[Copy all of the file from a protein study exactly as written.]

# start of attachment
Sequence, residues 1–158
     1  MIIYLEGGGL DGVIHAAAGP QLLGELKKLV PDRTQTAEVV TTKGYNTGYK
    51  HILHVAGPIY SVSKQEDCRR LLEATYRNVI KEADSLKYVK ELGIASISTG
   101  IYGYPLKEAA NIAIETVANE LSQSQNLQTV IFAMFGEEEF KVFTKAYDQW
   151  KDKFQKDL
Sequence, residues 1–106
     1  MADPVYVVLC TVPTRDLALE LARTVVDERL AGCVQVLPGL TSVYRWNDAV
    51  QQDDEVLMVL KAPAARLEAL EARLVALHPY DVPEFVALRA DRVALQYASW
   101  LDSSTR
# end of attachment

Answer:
Sequence, residues 1–158
     1  MIIYLEGGGL DGVIHAAAGP QLLGELKKLV PDRTQTAEVV TTKGYNTGYK
    51  HILHVAGPIY SVSKQEDCRR LLEATYRNVI KEADSLKYVK ELGIASISTG
   101  IYGYPLKEAA NIAIETVANE LSQSQNLQTV IFAMFGEEEF KVFTKAYDQW
   151  KDKFQKDL
Sequence, residues 1–106
     1  MADPVYVVLC TVPTRDLALE LARTVVDERL AGCVQVLPGL TSVYRWNDAV
    51  QQDDEVLMVL KAPAARLEAL EARLVALHPY DVPEFVALRA DRVALQYASW
   101  LDSSTR